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Conservative MP for Mississauga—Brampton South (Ontario)
Won her last election, in 2011, with 44.70% of the vote.
Statements in the House
Natural Resources September 30th, 2014
Mr. Speaker, I am surprised to hear the member opposite seek to pigeonhole a colleague. I would have expected something a little more generous from her.
However, allow me to return to the debate before us and to speak specifically to energy supply.
Few countries in the world have the enormous potential that Canada holds. It is the world's fifth-largest producer of oil and gas and the fifth-largest producer of natural gas. Canada is fortunate to have abundant oil and gas resources, but to reach its full potential, it needs more than supply: it needs to diversify its markets.
We have been clear that projects will move ahead only if they are safe for Canadians and safe for our environment.
Natural Resources September 30th, 2014
Mr. Speaker, our decision is based on the conclusions of an independent science-based review panel. After carefully reviewing the independent regulator's recommendation on the northern gateway project, the government accepted the recommendation to impose 209 conditions to ensure that this project meets the highest safety standards. The panel heard from nearly 1,500 participants in 21 communities and reviewed 175,000 pages of evidence prior to making its recommendation.
This is another step in the process. It will now be up to the proponent to demonstrate to the regulator and Canadians how it will meet those over 200 conditions. It will also have to apply for regulatory permits and authorizations from federal, provincial, and municipal governments.
Finally, consultations with first nations communities are required under many of the conditions as part of the process for regulatory authorizations and permits. It also must fulfill its commitment to engage with first nations and communities along the route.
It is clear that the proponent has much work to do. As a government, we have promised Canadians that projects will only move forward if they are safe for Canadians and safe for the environment. That is the guiding principle for our plan for responsible resource development.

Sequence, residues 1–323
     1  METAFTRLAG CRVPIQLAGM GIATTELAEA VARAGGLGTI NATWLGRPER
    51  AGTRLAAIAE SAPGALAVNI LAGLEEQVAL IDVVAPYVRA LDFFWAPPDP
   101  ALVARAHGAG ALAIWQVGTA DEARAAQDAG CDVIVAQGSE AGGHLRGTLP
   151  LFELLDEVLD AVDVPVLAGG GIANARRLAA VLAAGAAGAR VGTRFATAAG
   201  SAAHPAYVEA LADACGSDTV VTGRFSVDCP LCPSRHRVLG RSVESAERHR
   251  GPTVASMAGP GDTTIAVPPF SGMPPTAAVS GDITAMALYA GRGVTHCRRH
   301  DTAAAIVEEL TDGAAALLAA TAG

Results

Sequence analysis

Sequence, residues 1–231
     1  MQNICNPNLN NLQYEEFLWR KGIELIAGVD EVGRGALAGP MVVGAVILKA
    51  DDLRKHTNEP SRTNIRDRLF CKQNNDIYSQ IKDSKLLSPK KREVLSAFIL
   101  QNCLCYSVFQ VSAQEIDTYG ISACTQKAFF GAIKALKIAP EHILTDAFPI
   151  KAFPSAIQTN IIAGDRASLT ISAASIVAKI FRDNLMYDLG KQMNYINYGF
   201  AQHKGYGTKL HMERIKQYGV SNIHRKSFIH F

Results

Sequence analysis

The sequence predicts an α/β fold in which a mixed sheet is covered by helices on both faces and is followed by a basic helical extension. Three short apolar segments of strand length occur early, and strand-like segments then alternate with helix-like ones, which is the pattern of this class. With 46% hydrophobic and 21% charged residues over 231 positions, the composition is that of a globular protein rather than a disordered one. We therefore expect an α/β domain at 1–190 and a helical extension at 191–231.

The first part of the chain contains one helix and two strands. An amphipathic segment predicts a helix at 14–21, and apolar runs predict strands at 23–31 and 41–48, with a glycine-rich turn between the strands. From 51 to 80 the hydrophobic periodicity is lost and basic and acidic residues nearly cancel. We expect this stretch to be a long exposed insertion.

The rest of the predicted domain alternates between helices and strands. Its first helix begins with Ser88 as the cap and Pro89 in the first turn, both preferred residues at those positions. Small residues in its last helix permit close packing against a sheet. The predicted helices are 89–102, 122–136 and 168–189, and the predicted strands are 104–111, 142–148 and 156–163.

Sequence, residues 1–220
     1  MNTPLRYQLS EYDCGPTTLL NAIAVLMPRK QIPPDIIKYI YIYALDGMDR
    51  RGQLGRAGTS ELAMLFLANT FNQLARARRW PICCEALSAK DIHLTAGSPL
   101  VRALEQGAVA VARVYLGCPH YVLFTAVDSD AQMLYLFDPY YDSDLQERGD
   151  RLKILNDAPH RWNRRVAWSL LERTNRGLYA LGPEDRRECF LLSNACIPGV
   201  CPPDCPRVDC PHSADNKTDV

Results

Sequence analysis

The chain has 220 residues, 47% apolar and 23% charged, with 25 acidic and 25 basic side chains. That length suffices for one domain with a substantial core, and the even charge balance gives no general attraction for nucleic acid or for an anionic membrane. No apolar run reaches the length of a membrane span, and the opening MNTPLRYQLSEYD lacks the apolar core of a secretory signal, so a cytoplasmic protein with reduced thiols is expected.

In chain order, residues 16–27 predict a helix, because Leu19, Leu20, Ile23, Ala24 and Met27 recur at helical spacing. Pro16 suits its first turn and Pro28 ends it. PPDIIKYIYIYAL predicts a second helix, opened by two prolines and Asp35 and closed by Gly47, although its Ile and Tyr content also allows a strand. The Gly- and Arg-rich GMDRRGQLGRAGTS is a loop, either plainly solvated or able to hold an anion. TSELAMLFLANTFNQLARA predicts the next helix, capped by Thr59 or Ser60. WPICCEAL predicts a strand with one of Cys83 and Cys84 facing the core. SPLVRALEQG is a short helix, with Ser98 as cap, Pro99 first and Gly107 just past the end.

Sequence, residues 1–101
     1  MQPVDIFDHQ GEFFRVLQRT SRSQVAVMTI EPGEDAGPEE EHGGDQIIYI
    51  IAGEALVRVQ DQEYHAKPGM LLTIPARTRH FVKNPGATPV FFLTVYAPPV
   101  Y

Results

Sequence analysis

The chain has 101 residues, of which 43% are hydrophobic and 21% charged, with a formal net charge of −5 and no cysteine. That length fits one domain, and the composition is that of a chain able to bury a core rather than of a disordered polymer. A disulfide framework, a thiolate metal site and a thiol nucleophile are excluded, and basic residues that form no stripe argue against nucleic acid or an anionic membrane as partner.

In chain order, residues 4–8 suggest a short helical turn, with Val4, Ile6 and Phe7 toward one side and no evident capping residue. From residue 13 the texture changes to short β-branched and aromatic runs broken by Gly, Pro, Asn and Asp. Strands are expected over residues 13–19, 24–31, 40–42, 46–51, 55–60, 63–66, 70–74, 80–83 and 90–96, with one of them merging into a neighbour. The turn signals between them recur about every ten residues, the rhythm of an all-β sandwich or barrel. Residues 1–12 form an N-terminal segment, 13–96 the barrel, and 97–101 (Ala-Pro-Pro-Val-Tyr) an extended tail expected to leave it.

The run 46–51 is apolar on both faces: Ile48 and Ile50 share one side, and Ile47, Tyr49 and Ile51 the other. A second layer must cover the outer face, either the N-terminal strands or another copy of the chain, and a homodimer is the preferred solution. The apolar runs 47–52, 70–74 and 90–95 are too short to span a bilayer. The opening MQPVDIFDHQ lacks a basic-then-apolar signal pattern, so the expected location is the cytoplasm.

We have introduced a suite of measures to enhance pipeline and marine safety. Whether we are transporting energy by rail, tanker, or pipeline, our safety systems are world class. The safety record of federally regulated crude pipelines is indeed 99.999%, and our government is taking action to improve our record even further. Our overall goal is to prevent incidents from occurring at all.
In the unlikely event that an incident does occur, we must have robust and transparent emergency preparedness and response plans. We have backed this up with enhanced liability regimes to show industry that we are protecting the environment and that we are doing it very seriously.
We also recognize that aboriginal peoples must be full partners in everything we do, from ensuring the safety of our pipeline system to protecting our marine environment from incidents and sharing in the benefits of developing our resources.
In his report, Douglas Eyford made a number of recommendations to build a better relationship with aboriginal peoples. He said:
Canada must take decisive steps to build trust with Aboriginal Canadians, to foster their inclusion into the economy, and to advance the reconciliation of Aboriginal people...in Canadian society.
Our government agrees. We are moving forward with a suite of activities to enable aboriginal peoples to fully participate in the development and operation of our energy infrastructure projects, including our tanker and pipeline safety systems.